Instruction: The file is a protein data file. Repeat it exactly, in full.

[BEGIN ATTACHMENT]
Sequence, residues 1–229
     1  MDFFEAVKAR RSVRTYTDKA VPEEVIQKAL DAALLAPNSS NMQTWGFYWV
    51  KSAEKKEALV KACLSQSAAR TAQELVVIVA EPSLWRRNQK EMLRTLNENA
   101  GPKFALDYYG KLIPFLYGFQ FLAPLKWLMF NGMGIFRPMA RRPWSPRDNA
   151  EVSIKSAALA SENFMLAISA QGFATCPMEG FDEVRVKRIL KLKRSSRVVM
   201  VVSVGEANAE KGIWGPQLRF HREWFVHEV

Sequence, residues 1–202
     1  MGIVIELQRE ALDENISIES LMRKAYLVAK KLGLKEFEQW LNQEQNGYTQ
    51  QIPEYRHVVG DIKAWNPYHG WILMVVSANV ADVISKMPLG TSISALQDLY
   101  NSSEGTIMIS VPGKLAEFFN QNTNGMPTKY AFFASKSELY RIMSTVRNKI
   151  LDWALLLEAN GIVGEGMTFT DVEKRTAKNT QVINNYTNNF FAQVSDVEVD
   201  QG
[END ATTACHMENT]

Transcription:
Sequence, residues 1–229
     1  MDFFEAVKAR RSVRTYTDKA VPEEVIQKAL DAALLAPNSS NMQTWGFYWV
    51  KSAEKKEALV KACLSQSAAR TAQELVVIVA EPSLWRRNQK EMLRTLNENA
   101  GPKFALDYYG KLIPFLYGFQ FLAPLKWLMF NGMGIFRPMA RRPWSPRDNA
   151  EVSIKSAALA SENFMLAISA QGFATCPMEG FDEVRVKRIL KLKRSSRVVM
   201  VVSVGEANAE KGIWGPQLRF HREWFVHEV

Sequence, residues 1–202
     1  MGIVIELQRE ALDENISIES LMRKAYLVAK KLGLKEFEQW LNQEQNGYTQ
    51  QIPEYRHVVG DIKAWNPYHG WILMVVSANV ADVISKMPLG TSISALQDLY
   101  NSSEGTIMIS VPGKLAEFFN QNTNGMPTKY AFFASKSELY RIMSTVRNKI
   151  LDWALLLEAN GIVGEGMTFT DVEKRTAKNT QVINNYTNNF FAQVSDVEVD
   201  QG